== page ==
A large number of professional musicians, bassists included, make their living in part or whole by freelancing. Believe it or not, the term “freelancing” goes back to Medieval times when knights with no loyalty would “freelance” or hire themselves out as mercenaries. So, to a certain extent, when you are a freelancing musician, you’re a mercenary in that you’re working for pay and may or may not have any emotional attachment to the gig (other than having a good time if possible and playing what’s appropriate).
One of the first and foremost tools of the freelancer is his knowledge of songs. It doesn’t hurt to have a couple of hundred tunes in each genre memorized. You probably won’t need all of them all the time, but you never know. Fortunately, most of the calls for freelance bassists is with a General Business, Club Date, Corporate or Wedding Band. Those are different names for a loosely put together group of players with a given leader. Usually the tunes are a mix of book arrangements (everything from Real Books to arrangements specifically for that band that may require sight-reading and composing a bass part from chord symbols or number charts on the spot) and “head charts” (i.e. no chart at all).
What you will find here is that some tunes get called over and over: My Girl, Misty, Brown-Eyed Girl, Help Me Make it Through the Night, Wave and Sweet Home Alabama are some I’ve seen on gigs more than I care to. Since the Boomer population is aging and hiring bands for all sorts of private parties including their children’s weddings, I’ve noticed that Classic Rock (the top 40 type as well as some more familiar FM Rock tunes), Motown, and even Disco are creeping into the Evergreen category. Pick a dozen or so tunes from each category for a start. Classic Rock stations are a good source. It’s better to memorize these tunes and be able to play them in all keys if needed. I’ve also learned enough keyboards and guitar to read the guitarist’s or keyboardist’s hands to learn the changes on the spot.
You don’t need a particularly fancy bass for these gigs, a simple 4 or 5 string electric will do fine. A decent amp that’s fairly portable and loud like an Eden Metro will serve you well here. They’re really not looking for Victor Wooten or Billy Sheehan on these type of gigs, but if you amass an encyclopedic knowledge of Pop tunes (it’s amazing how many you can accumulate) and show up on time and play the right lines, you’ll be everyone’s hero. Needless to say, bassists who can do this are in continually short supply and the pay is good-often 4 to 8 times what you will make at a typical bar gig.
You’ll need a suit, slacks and black shirts, and (gasp) a Tuxedo. Don’t go buy a new tuxedo and spend hundreds of dollars-most tuxedo rental places routinely sell off their old suits and you can get a great deal. I spent under $100 for a complete tux outfit just last year when one of the largest formalwear rental places in Nashville had their annual sale. You can fake it for a while with a black suit, bow tie, and tux shirt, but most high dollar bandleaders will know the difference so go ahead and make the investment. This is not the sort of gig you can wear that shocking blue Mohawk to either, but reasonably hip styling is appropriate, and long hair can always be tied back into a Pony Tail (you might even be mistaken for a Record Company exec.).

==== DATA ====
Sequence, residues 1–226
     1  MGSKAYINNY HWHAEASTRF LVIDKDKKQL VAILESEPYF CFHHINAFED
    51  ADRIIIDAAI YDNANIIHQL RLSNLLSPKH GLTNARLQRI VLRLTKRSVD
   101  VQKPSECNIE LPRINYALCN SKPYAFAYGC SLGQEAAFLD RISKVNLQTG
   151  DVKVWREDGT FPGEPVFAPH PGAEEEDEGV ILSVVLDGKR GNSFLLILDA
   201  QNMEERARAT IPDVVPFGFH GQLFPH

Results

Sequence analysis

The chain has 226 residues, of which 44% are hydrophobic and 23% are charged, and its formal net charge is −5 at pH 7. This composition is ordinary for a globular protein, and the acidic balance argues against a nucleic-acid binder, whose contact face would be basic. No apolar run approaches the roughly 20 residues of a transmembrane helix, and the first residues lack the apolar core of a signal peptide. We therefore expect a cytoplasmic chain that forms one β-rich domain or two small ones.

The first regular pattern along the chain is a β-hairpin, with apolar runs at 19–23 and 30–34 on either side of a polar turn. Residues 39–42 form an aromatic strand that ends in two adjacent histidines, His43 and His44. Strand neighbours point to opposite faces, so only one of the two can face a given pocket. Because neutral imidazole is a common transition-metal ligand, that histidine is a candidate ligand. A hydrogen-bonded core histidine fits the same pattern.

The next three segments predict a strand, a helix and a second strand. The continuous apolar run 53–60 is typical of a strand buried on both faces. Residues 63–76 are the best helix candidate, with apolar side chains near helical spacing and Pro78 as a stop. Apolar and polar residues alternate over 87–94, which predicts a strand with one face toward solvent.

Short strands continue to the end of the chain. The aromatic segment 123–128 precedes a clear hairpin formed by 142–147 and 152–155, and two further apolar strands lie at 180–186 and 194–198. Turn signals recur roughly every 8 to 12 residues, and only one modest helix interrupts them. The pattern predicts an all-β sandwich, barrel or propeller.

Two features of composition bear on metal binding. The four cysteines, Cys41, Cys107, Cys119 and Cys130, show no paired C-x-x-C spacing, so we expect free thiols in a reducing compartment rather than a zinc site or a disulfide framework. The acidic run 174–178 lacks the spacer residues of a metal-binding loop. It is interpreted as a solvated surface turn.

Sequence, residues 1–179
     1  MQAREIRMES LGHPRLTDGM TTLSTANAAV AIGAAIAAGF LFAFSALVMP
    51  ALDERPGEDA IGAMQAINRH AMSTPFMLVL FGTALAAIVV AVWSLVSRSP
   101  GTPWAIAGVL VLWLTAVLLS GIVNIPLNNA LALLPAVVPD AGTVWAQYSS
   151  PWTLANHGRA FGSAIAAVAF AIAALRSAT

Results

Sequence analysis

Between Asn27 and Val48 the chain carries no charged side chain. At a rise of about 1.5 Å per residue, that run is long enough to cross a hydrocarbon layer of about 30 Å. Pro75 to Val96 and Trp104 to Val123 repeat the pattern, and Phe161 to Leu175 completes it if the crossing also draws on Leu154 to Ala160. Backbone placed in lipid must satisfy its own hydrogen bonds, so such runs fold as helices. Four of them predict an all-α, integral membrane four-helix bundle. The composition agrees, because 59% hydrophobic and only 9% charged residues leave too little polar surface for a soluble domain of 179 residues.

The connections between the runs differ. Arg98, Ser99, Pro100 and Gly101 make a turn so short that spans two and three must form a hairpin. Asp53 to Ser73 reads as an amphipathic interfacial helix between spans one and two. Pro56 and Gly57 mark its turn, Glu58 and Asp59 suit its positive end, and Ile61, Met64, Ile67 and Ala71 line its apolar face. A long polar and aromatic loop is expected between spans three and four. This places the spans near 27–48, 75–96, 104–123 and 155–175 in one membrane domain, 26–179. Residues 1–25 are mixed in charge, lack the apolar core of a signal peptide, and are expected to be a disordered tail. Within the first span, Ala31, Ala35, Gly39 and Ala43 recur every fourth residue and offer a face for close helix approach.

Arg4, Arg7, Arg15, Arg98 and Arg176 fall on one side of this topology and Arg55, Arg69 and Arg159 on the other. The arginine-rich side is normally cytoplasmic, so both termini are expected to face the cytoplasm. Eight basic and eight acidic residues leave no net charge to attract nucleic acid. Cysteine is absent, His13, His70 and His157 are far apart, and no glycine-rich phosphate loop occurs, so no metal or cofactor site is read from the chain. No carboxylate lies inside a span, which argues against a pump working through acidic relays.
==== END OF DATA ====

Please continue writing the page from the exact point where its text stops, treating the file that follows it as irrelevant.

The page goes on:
It doesn’t hurt to have a music stand and stand light, either. Some bands will have their own, but don’t assume. I always take a stand and light as well as extension cords to these sorts of gigs, just in case.
Remember, your function on these sort of gigs is to use your live music skills to enhance the good time that’s being had. This is not the place for Star Egos-you’re a facilitator. The good news is that this can be a good source of income while you’re putting your band together to get that big Record Deal, networking to get that big tour, or chasing down recording sessions. It has only short-term commitments, most “bands” will have a revolving pool of a half-dozen players on each instrument. This can be a career choice, but I find it works best for me as a “job” for a source of income (and it’s a whole lot more fun than asking, “Do you want fries with that?”).
Most major metropolitan areas will have lots of these bands. You can either check with the Musicians Union (you might even have to join, but that’s for another column) or the Yellow Pages for Bands or Booking Agents. Then, you’ll need a lot of patience and perseverance. Let the leaders know what you can do and that you’re interested in working with them and check in often, but don’t be a Pest. Eventually everyone on their call list for bass players will be exhausted and you’ll get a chance. Be ready, be on time, and be prepared and you’ll get another call. I also broke into this business by taking bass from a busy player in the Dallas area as a college student. When he got double booked I would get the sub call and built a clientele of bandleaders. It takes a while to get this going, but it’s a decent source of secondary income and some people actually do this for a living and do quite well.
Peace and Low Notes,
Roy C. Vogt
Bass Instructor, Belmont University, Nashville, TN
About the Author:Roy Vogt is an internationally-acclaimed bassist and educator. he is the creator of Teach Me Bass Guitar, the world’s most comprehensive DVD course for bass guitar.
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